Friday, October 07, 2011

Children of the Corn

Everybody around here is sniffly and stuffy -- myself included. Apparently, it's not a virus. Rather, it's the ongoing corn harvest, which supposedly sets off allergies left and right. Including, it seems mine -- worse even than I had in Minnesota (where I believe my New Student Week group was worried I would actually keel over and die while working in St. Paul).

Now, I'm allergic to many things. Some of them (grass, cats) I've even managed to nail down. Mostly, it's a mystery when my eyes suddenly start running water or my skin breaks out in hives. But I'm pretty sure I'm not allergic to corn. I mean, I eat corn all the time. Corn syrup is in literally 85% of the food I eat. How could a corn harvest set off an allergic reaction.

Oh whatever. At least it will be over in ... a month? It takes a month to harvest all the corn.

God damnit. I miss Chicago.

Thursday, October 06, 2011

RIP Derrick Bell

Derrick Bell -- civil rights warrior, pathbreaking law professor, founder of critical race theory, and tireless advocate for justice, has passed away at age 80.

I never met Derrick Bell. I had the opportunity once when he came to speak at Carleton, but I was going out of town. I remember pulling aside my roommate -- a Math major with zero interest in politics, law, race, or anything primarily expressed via words -- handing him my copy of And We Are Not Saved, and informing him that he was going to Professor Bell's talk and he was getting my book autographed. Which my (quite saintly) roommate proceeded to do, and I still have that book on my desk to this day.

Bell was a model to generations of students. He accomplished more in one lifetime than the average person could hope to do in three. I was introduced to him as an academic writer -- progenitor of "interest-convergence theory" and CRT founder -- but it is worth remembering that academia was really Bell's second career. He started off as an in-the-trenches warrior in the fight for civil rights, leading the NAACP in dozens of successful anti-segregation suits in the Jim Crow south. After a brief stint at the University of Southern California, Bell became the first tenured Black professor at Harvard. He eventually left Harvard in protest of their failure to hire a Black woman. The claim, as always, was that they couldn't find a "qualified" one. How they said that with a straight face to Bell -- who graduated from the decidedly non-elite University of Pittsburgh law school and proceeded to become one of the most influential scholars of the last quarter century -- is beyond me.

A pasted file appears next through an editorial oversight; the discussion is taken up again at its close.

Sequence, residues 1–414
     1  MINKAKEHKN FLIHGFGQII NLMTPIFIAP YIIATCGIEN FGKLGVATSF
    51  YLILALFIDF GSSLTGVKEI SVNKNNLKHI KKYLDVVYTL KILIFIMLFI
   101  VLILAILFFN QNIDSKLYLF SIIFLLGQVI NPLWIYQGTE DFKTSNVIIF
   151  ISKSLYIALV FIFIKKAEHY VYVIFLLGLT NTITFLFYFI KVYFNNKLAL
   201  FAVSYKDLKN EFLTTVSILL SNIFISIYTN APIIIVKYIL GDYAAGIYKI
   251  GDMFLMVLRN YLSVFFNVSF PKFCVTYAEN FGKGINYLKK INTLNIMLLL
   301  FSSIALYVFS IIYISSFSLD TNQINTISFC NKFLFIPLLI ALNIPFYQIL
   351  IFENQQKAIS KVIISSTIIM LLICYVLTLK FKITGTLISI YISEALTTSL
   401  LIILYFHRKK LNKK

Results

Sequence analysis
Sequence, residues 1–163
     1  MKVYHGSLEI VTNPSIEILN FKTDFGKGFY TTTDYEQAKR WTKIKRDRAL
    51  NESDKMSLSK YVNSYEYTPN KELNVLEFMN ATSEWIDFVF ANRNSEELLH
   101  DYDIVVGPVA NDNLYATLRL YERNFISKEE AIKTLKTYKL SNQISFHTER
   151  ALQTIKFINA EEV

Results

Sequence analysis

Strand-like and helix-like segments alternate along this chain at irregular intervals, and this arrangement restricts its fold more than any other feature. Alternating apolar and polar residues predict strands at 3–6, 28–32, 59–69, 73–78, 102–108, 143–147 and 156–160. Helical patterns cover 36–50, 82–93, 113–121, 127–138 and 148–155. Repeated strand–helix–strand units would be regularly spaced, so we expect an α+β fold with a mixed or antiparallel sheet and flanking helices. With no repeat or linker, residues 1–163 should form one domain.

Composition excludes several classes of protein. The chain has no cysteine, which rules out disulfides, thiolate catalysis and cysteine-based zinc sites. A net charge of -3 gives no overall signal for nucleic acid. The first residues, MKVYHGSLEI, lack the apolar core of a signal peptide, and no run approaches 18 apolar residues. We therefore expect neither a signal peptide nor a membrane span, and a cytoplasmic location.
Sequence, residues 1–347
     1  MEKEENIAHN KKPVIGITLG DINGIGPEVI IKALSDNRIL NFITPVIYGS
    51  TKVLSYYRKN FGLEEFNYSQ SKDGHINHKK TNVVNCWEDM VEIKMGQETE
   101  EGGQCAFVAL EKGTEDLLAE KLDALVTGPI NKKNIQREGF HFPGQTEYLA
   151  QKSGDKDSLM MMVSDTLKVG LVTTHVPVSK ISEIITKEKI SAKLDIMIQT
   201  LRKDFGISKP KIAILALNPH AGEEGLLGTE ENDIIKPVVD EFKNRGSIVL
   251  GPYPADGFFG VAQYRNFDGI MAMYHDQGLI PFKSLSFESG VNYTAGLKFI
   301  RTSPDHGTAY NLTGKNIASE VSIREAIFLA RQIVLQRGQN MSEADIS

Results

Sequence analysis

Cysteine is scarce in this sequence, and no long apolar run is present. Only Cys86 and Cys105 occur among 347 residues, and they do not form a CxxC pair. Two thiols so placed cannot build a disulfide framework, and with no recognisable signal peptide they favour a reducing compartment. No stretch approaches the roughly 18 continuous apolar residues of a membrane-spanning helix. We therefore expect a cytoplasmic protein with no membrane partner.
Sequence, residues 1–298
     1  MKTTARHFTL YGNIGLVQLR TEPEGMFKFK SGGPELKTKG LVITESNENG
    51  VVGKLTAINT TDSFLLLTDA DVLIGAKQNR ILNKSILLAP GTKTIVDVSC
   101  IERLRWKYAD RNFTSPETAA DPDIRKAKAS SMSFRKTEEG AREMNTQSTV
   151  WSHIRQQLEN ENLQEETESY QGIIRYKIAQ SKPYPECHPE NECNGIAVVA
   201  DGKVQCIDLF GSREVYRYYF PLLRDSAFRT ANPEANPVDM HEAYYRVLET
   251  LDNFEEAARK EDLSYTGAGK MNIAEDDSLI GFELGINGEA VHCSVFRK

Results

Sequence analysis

Rest in peace, professor. Be assured that your legacy lives on.

Wednesday, October 05, 2011

Who Gave Steve King a Magic Lamp?

Ah, Steve King. The Republican from Iowa has graced the pages of my blog at several points as among the dumbest members of Congress -- defending the "mendacity" of Republican leaders, worrying that women will never have babies if we allow them access to birth control, and referring to America as a nation of slackers. And today, we get a new entry: pining for a return to 19th century voting rules, where only propertied (White) men could vote. You think I'm exaggerating:
“[T]here was a time in American history when you had to be a male property owner in order to vote. The reason for that was, because they wanted the people who voted — that set the public policy, that decided on the taxes and the spending — to have some skin in the game."

King was making a "skin in the game" argument, and we'll put aside my general objections to that argument. I'm not 100% convinced that the only reason voting was restricted to white male property owners was that they, unlike the rest of the population, had "skin in the game". Call me a skeptic if you like.

But if the goal is to see America return to pre-Voting Rights Act electoral rules, King may be getting his wish. Check out this story from Tennessee, where a 96-year old Black woman who was able to vote during Jim Crow is facing disenfranchisement due to the state's draconian new voter ID requirement. The woman actually has a photo ID, just not one that counts under the law. So she went to get one that would qualify, but showing the clerk her (a) rent receipt, (b) lease copy, (c) voter registration card and (d) birth certificate wasn't enough to satisfy the clerk and get the card.

Tuesday, October 04, 2011